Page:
Your Baby and You - page 48

Reducing the risk of cot death
In a small number of cases, babies die suddenly for no apparent reason,
from what is called cot death or Sudden Infant Death Syndrome (SIDS). There
are some factors which are associated with SIDS and the advice listed below
provides guidance on how you can help to reduce the risk to your baby.
The advice below should be followed at all times.
Breastfeeding reduces your baby’s risk of cot death.
Place your baby on its back to sleep.
This is the safest position for your baby to sleep in.
Never sleep with your baby on an armchair or sofa.
Do not let anyone smoke in the same room as your baby. Better still, do not
permit any smoking in the house. Ideally, encourage those concerned to give
up smoking altogether!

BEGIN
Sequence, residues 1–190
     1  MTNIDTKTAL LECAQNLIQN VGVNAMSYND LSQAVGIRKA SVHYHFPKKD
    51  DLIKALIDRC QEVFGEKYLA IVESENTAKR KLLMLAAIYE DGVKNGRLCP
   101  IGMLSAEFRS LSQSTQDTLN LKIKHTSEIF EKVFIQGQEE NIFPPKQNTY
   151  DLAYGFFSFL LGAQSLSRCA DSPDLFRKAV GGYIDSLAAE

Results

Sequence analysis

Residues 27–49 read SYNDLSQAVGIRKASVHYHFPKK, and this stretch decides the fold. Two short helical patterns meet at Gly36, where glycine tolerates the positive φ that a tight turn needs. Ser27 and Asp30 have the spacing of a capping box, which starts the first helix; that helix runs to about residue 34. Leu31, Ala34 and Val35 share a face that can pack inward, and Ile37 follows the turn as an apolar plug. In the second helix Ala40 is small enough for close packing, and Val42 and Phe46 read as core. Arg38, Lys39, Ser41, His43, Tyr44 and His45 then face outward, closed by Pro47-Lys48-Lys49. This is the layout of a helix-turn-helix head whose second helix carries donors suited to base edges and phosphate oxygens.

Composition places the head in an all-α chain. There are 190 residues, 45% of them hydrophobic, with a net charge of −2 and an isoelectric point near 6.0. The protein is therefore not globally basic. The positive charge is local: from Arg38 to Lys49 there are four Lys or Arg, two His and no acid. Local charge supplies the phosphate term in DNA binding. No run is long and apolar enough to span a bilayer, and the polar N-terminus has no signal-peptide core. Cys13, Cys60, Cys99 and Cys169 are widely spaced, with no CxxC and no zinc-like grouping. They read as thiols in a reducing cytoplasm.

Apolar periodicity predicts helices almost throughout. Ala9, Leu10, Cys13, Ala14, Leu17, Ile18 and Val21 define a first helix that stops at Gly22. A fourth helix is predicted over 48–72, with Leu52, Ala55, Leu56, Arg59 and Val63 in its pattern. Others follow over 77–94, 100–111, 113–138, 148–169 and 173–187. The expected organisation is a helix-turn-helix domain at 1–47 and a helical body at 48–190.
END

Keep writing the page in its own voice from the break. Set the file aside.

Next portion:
Keep your baby’s head uncovered - place your baby with their feet to the
foot of the cot, to prevent wriggling down under the covers.
When you check your baby, if they are sweating or their tummy feels hot to
the touch, take off some of the bedding. Don’t worry if hands or feet feel
cool, this is normal.
Use lightweight blankets. If your baby feels too warm, reduce the number of
layers. Do not use a duvet, quilt or pillow for babies under twelve months.
Babies should never sleep with a hot water bottle or electric blanket, next to
a radiator, heater or fire, or in direct sunshine.
Remove hats and extra clothing as soon as you come indoors or enter a
warm bus, train or shop, even if it means waking your baby.
Do not share a bed with your baby if you have been drinking alcohol, taking
recreational drugs, smoking or taking medication that makes you feel sleepy.
Do not let your baby get too hot or too cold. Ideally room temperature
should be between 16 and 20 degrees centigrade. (See table on next page).
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